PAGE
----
“I want to first give GigaOm some credit here for really pointing out the need to decide what to do with detections,” Johnson said when asked for his thoughts about selecting an anti-phishing tool. “I think a lot of companies charge into a solution for anti-phishing without thinking about what they are going to do when the thing triggers.”

As Johnson noted, the needs and vulnerabilities of a large organization aligned on Microsoft 365 are very different from those of a smaller outfit working with GSuite. A malicious Excel macro-laden file, for example, poses a credible threat to a Microsoft shop and therefore argues for a detonation solution to detect and neutralize malicious payloads before they can spread and morph. On the other hand, a smaller company is more exposed to business email compromise (BEC) attacks, since spending authority is often spread among many employees in these businesses.

Gibson’s radar report describes both in-line and out-of-band solutions, but Johnson said cloud-aligned infrastructures argue against traditional in-line schemes.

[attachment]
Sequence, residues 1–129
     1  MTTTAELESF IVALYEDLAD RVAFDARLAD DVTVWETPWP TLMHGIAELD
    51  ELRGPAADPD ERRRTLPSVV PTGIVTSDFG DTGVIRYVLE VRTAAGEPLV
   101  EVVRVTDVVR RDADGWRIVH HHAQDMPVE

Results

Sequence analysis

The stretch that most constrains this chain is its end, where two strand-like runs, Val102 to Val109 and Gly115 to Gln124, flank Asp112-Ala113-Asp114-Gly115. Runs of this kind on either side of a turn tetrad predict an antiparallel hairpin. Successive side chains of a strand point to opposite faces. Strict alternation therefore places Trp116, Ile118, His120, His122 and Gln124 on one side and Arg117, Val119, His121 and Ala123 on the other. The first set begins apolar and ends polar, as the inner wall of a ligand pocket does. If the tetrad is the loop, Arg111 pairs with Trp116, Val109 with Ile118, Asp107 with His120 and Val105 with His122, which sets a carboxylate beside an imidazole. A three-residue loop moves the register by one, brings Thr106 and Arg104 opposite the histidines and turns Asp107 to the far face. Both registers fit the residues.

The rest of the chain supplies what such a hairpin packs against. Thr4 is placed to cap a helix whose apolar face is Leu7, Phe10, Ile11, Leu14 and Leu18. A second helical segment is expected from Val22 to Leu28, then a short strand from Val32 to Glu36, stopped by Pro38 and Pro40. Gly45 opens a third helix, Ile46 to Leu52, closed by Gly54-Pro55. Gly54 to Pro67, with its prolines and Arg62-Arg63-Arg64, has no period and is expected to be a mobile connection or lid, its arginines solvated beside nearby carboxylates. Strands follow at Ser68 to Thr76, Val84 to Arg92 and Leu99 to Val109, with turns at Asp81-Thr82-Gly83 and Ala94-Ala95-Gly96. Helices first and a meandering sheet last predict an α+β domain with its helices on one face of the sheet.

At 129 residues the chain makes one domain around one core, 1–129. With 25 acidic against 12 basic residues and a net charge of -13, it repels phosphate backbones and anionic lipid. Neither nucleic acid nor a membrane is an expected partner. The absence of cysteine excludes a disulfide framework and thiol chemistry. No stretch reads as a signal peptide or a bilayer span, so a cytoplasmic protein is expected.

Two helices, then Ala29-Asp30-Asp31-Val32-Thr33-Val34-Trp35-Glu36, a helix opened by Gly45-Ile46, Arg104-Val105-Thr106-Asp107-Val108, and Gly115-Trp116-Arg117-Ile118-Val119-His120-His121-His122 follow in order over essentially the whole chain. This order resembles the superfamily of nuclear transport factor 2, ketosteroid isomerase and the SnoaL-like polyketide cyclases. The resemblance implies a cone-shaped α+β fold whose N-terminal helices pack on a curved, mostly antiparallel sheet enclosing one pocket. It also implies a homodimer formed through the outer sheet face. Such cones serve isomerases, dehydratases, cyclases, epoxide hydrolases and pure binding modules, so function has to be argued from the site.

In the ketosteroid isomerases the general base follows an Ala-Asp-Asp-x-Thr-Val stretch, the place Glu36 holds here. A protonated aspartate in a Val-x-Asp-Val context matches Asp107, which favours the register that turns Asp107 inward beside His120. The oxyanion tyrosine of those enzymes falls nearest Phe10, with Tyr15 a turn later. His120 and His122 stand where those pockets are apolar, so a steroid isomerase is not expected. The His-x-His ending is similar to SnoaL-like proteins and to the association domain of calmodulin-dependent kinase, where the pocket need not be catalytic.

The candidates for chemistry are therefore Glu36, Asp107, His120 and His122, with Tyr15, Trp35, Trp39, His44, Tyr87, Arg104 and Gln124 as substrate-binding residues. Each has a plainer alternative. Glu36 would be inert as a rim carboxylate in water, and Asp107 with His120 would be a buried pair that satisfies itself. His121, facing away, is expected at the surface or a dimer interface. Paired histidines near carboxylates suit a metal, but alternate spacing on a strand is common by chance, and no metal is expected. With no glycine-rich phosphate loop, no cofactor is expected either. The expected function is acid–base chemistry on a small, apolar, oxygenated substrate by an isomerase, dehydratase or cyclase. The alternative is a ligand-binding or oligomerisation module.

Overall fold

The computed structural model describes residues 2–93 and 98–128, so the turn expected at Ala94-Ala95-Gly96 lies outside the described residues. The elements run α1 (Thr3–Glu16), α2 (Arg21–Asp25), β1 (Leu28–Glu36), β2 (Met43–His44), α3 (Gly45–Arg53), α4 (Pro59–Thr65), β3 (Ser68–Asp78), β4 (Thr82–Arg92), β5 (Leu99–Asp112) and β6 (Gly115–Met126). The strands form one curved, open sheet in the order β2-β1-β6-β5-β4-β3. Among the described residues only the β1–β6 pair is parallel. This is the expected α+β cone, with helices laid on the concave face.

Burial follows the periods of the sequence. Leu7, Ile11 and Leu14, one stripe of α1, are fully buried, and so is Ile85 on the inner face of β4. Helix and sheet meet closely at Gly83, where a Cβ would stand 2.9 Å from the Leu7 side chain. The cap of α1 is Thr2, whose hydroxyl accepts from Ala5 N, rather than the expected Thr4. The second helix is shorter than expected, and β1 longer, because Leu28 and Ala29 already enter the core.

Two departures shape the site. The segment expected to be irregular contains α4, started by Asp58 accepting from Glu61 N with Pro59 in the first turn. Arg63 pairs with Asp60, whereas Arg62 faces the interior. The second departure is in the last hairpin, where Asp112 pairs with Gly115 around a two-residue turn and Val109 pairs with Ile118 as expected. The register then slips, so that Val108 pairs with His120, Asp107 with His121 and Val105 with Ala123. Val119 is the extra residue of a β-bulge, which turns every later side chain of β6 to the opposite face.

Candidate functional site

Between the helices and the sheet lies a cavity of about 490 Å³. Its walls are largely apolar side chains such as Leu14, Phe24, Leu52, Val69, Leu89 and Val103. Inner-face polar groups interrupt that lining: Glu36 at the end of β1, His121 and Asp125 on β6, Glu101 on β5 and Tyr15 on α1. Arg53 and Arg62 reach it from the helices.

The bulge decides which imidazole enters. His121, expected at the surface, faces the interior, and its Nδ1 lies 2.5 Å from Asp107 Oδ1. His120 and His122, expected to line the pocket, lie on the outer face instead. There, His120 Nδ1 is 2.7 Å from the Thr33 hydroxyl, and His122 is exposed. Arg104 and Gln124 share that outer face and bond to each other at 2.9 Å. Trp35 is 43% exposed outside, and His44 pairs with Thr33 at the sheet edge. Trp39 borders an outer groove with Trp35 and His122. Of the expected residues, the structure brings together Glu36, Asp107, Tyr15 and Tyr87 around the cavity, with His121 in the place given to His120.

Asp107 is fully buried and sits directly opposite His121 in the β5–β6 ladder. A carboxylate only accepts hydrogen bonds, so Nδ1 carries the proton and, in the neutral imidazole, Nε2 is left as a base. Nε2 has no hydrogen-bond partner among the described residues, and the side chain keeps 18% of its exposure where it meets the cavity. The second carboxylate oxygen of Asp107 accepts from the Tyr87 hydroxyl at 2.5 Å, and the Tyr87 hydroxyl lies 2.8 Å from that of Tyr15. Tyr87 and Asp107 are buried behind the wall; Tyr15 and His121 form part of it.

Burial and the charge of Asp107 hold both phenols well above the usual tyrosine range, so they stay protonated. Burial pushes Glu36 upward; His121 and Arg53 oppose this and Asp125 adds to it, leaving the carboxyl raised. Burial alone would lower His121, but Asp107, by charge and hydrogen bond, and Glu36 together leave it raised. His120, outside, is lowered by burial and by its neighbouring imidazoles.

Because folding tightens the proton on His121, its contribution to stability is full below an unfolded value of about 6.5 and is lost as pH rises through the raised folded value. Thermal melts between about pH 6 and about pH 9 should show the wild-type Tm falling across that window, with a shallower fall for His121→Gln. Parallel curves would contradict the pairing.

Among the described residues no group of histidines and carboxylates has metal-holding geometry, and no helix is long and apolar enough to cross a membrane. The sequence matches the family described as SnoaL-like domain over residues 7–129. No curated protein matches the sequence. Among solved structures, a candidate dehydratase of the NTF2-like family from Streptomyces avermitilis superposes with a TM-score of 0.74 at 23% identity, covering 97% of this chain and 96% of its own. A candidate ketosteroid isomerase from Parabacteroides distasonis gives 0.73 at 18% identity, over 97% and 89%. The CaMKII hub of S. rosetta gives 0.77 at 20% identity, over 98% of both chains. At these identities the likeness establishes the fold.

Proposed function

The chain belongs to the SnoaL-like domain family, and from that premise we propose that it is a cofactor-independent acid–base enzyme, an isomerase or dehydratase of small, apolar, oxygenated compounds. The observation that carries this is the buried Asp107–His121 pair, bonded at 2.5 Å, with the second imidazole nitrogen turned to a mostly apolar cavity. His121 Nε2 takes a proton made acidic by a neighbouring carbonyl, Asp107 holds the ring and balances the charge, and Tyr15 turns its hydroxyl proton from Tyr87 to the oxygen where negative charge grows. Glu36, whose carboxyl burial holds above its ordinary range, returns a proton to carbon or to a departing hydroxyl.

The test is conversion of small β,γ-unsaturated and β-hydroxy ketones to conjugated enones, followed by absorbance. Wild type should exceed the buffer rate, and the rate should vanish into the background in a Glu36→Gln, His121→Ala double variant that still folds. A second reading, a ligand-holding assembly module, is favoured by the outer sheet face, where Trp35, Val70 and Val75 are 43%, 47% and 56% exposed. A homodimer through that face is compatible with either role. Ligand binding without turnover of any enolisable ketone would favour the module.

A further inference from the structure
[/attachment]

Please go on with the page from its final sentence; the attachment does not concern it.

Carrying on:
“If you put an in-line solution in front of [Microsoft] 365 or in front of GSuite, you are likely decreasing your reliability, because you’ve now introduced this single point of failure. Google and Microsoft have this massive amount of reliability that is built in,” Johnson said.

So how should IT decision makers go about selecting an anti-phishing solution? Dolph answered that question with a series of questions of his own:

“Does it nail the basics? Does it fit with the technologies we have in place? And then secondarily, is it reliable, is it tunable, is it manageable?” he asked. “Because it can add a lot overhead, especially if you have a small team if these tools are really disruptive to the email flow.”

Dolph concluded by noting that it’s important for solutions to provide insight that can help organizations target their protections, as well as support both training and awareness around threats. Finally, he urged organizations to consider how they can measure the effectiveness of solutions.

“I may look at other solutions in the future and how do I compare those solutions to the benchmark of what we have in place?”

Listen to the Podcast: CISO Podcast